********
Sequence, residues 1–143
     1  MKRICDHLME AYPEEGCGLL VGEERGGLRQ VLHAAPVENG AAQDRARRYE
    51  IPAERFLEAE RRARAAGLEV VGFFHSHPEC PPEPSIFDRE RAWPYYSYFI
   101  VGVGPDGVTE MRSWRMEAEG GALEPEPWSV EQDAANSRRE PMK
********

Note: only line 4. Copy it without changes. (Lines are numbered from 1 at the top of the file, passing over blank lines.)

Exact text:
   101  VGVGPDGVTE MRSWRMEAEG GALEPEPWSV EQDAANSRRE PMK